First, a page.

The Raven

The Raven

In Theatres: 
Apr 27, 2012
Running Time: 
1 Hour, 43 Minutes

Edgar Allan Poe is one of America’s most notable writers, having created such masterpieces as “The Pit and the Pendulum,” "The Tell-Tale Heart," and “The Raven.” John Cusack plays the legendary writer as he is caught within his own work of fiction when a serial killer starts murdering people using the same methods described in his short stories. Is this just a coincidence or is something more devilish afoot?

The Raven acts as one massive tribute to the famous writer. Set in a period before Poe’s notoriety, the film portrays Poe as a pariah and social outcast of society. Despite this, he manages to find love with Emily Hamilton (Alice Eve), a wealthy socialite whose father absolutely despises him. Their love is quickly extinguished when Emily is kidnapped by the serial killer who then forces Poe to follow the clues of the murders in order to save her in time.

Poe fanatics will enjoy seeing some of their favorite short stories come to life in grisly detail as people are cut in half by swinging pendulums and buried behind walls deep within underground caverns. Like Poe’s stories, the film leaves nothing to the imagination and adequately captures the horrors and madness that once came from this man’s imagination.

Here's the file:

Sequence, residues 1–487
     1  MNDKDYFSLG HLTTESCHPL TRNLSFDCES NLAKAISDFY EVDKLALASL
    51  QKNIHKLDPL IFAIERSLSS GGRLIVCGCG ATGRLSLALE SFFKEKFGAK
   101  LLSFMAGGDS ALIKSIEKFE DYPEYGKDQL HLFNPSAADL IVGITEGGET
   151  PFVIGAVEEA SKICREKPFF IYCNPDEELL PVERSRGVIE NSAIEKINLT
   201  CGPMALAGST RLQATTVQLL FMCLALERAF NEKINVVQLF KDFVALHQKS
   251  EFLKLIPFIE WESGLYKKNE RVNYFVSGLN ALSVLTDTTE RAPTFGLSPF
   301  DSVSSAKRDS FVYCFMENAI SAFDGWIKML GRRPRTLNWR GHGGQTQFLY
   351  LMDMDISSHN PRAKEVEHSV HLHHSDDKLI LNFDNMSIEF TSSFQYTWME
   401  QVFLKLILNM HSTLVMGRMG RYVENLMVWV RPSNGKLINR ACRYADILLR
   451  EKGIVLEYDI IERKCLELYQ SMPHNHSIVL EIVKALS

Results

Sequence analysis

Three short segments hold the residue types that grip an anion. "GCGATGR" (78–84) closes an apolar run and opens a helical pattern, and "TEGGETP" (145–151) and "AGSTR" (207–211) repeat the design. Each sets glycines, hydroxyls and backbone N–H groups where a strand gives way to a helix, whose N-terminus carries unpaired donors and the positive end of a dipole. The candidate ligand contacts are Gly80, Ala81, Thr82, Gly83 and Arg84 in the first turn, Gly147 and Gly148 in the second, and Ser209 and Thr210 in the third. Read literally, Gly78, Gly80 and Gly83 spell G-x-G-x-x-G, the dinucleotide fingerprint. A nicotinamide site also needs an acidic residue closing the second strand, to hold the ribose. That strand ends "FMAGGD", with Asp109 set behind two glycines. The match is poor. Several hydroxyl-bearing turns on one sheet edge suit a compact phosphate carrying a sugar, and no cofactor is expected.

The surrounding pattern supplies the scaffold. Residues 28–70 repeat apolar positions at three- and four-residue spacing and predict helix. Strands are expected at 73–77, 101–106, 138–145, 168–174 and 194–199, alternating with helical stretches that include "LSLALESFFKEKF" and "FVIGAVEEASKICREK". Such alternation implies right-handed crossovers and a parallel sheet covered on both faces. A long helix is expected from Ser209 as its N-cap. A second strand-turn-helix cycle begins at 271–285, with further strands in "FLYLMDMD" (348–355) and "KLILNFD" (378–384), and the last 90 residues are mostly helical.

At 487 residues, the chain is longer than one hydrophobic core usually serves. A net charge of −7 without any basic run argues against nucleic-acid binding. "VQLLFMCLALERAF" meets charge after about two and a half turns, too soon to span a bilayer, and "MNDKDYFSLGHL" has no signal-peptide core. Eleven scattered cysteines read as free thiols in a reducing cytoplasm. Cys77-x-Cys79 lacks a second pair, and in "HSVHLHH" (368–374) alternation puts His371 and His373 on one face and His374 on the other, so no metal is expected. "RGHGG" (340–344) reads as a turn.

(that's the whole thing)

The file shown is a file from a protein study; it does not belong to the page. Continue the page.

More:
John Cusack does a fairly good portray of Edgar Allan Poe. He’s a vastly intelligent writer who has just the right amount of arrogance as well. The language he uses is very descriptive and fits the style of his writings perfectly. His supporting cast is decent, but frankly not memorable. Alice Eve spends much of the film trapped within her captor’s prison and the only other notable performance comes from Luke Evans as Inspector Emmett Fields, the man tasked with leading the murder investigation.

The Raven takes audiences on a trip through the mind of Edgar Allan Poe’s “biggest fan” and does so in gruesome detail. Regardless if you’re a fan of his work or not, if you enjoy a good detective story the film doesn’t disappoint.

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Matt Rodriguez
Review by Matt Rodriguez
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Peter Oberth's picture

Better than I thought it would be but was hoping a few plot points would be different than they were. Overall a good watch